Every year, people around the world make promises to themselves to become better people.
We swear we will lose weight, or finally get that new job we are dreaming of. We vow to find the love of our lives (because this year is different) and commit to learning something new.
Sadly, only eight percent of people who make resolutions are statistically likely to keep them.
But, if saving money and making a few financial tweaks is on your resolution list fear not, we have your back.
Elite Daily called up Kristen Robinson, the SVP of Women and Young Investors at Fidelity Investments, to ask her advice on how we can all save a few dollars for the future, spend a little more wisely, and stick to our New Year's money saving resolutions.
Follow the 50/15/5 rule
When it comes to investing, Kristen says, the biggest mistake a young investor can make is to do nothing at all.
“They're making money, they might have their first job, or maybe even their second and they are not really planning how they are going to allocate and spend their money,” Kristen says. She adds, “It's easy not to stick to your budget, but establishing a budget and putting a plan in place and sticking to it is very important.”
Need help making that plan? Just live by the 50/15/5 rule.
Fifty percent of your income should be to essential expenses, these are the things that you need, the roof over your head, car, food, childcare, healthcare, all of those things that are non-negotiables.
Next up, Kristen adds, 15 percent of your income needs to go straight to retirement.
Fifteen percent of your income should be to retirement, now this could include a company match.
Can't hit that 15 percent just yet? Don't fret. Simply do what you can and challenge “yourself one percent extra every year.”
Finally, Kristen says, beyond squirreling away three to six months worth of your salary for an emergency savings, you should also put away five percent as short-term savings. She says,
At some point you'll be done saving for your short-term emergency fund and then make sure you take that money, and this is your money for other one-time expenses.
Kristen says to categorize the “five weddings you have to go to” this year, or the mini-vacation you want to take, as short-term savings.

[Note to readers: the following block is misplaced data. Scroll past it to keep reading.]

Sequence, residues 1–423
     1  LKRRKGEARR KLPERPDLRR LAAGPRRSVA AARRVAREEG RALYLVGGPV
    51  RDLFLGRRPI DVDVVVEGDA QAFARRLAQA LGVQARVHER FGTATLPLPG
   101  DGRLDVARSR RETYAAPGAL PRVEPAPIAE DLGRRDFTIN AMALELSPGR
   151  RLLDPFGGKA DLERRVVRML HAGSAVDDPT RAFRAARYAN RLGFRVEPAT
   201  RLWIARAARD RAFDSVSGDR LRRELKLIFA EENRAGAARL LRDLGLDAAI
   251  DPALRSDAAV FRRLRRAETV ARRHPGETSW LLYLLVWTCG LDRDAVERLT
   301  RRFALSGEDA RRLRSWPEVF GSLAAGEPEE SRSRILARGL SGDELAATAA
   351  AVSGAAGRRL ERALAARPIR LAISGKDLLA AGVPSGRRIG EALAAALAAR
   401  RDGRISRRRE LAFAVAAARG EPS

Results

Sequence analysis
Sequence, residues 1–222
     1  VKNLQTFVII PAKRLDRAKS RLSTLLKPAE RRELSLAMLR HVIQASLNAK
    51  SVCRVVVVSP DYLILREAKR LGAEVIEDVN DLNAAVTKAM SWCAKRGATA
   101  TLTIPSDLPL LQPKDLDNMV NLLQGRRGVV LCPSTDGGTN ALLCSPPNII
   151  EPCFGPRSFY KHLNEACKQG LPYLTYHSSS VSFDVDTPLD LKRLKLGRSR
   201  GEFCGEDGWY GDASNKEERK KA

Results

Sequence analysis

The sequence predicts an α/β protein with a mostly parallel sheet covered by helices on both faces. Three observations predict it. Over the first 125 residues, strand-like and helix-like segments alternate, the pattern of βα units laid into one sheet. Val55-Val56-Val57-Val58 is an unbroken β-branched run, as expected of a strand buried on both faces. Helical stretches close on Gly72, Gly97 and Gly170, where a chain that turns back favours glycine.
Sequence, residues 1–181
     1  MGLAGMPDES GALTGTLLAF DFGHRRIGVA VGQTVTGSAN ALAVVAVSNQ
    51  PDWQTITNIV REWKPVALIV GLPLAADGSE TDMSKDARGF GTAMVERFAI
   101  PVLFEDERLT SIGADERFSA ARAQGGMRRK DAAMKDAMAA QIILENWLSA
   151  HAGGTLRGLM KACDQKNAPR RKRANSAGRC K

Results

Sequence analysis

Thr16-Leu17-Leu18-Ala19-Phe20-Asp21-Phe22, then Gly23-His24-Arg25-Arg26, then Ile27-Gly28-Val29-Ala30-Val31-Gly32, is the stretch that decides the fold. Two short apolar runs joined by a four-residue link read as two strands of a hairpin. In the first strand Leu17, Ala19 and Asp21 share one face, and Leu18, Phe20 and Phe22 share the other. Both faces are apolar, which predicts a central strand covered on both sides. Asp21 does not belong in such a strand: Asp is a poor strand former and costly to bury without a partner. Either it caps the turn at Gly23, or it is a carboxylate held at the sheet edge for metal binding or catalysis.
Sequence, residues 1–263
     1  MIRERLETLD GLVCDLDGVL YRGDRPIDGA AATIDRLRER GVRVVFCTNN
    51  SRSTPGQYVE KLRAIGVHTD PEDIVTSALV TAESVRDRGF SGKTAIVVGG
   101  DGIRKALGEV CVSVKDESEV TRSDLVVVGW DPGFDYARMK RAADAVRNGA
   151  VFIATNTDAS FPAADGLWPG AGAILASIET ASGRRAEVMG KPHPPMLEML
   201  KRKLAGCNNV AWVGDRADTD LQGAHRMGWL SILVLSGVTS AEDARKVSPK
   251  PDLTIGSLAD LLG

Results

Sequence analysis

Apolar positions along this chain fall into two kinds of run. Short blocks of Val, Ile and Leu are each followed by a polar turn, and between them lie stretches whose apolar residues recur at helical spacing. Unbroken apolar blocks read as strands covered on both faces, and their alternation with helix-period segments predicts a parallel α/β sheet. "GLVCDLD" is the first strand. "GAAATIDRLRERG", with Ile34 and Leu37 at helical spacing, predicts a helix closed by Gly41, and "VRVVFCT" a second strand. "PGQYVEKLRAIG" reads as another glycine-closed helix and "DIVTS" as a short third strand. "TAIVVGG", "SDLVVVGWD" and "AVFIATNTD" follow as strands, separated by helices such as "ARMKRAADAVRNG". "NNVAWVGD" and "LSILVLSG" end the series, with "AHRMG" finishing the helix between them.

Build a budget
So you have your 401 (k), or IRA all set up, and you're banking money for your future and for your short-term goals. Now, how do you stick to those budgets? Luckily for you, you live in 2016 where there are budgeting apps galore.
To set up a budget, Kristen says, there are four numbers you need to know.
You need to know, what's coming in, what's going out, what you want to allocate, so whether you're paying down debt, whether you have a savings goal or want to backpack through Europe, and then the last number that is really important is, what do you have left?
Once you know your four numbers simply head over to MyMoney.Fidelity.com and use its budgeting tool. Or, go to the app store and download Mint, GoodBudget, Mvelopes, Pocket Expense, or any number of apps to help you start visualizing what's coming in, what's going out, your savings goals and what you have left.
Ladies: Have confidence in your choices
All of Kristen's advice goes double for the ladies. Kristen says women investors need to realize their own power and start gaining a little confidence. She says,
... generally, there is a confidence gap when it comes to women and their money and there shouldn't be because at the end of the day women are great savers. When they do invest, they perform very comparably to men and the primary reason there is a confidence gap, one is they don't have enough experience and two is they don't think they know enough.
And this advice, Kristen notes, should extend far beyond the dollars and cents women save. She adds,
When you think about those reasons, they show up in other parts of women's lives ... say for example, there's a job opening. There are 10 qualifications, a man will look at it and think 'I have 5 out of the 10 I'm going to go for it, I'm a great fit.' Where a woman will look at it and say, 'well, I only have 8 out of the 10, I don't have enough experience,' or 'I don't know enough,' and they won't go for the job. I do really think we need to change that paradigm.
Start thinking about retirement (no, really)
And if you can't handle any of this advice, do this one small thing Kristen advises:
Take a portion of your check or a dollar amount and you can allocate it into an account that you never touch and that you don't see on a regular basis. You won't feel the pain because you never see it.
In the end, Kristen says, you need to think about saving for the future in the same way you think about paying rent. She adds,
It's really saving for retirement just like you pay your expenses. It's just a part of your life. If you start early, compound interest really pays off significantly.
Finally, if you were too lazy to read any of this article, here's a TL;DR version in six easy steps.
--Establish an emergency savings (three to six months of pay). --Put away 15 percent of your wages to retirement (this can include your company's matching policy). --Pay down your highest interest rate debt first (car, student loan, credit debt, etc). --Use technology like Fidelity's MyMoney.Fidelity.com, Mint.com, or any other apps to help you build a budget. --Ladies, don't be afraid, get in there and learn about investing. --Save for your retirement like you're paying your bills. You'll thank us when you're older.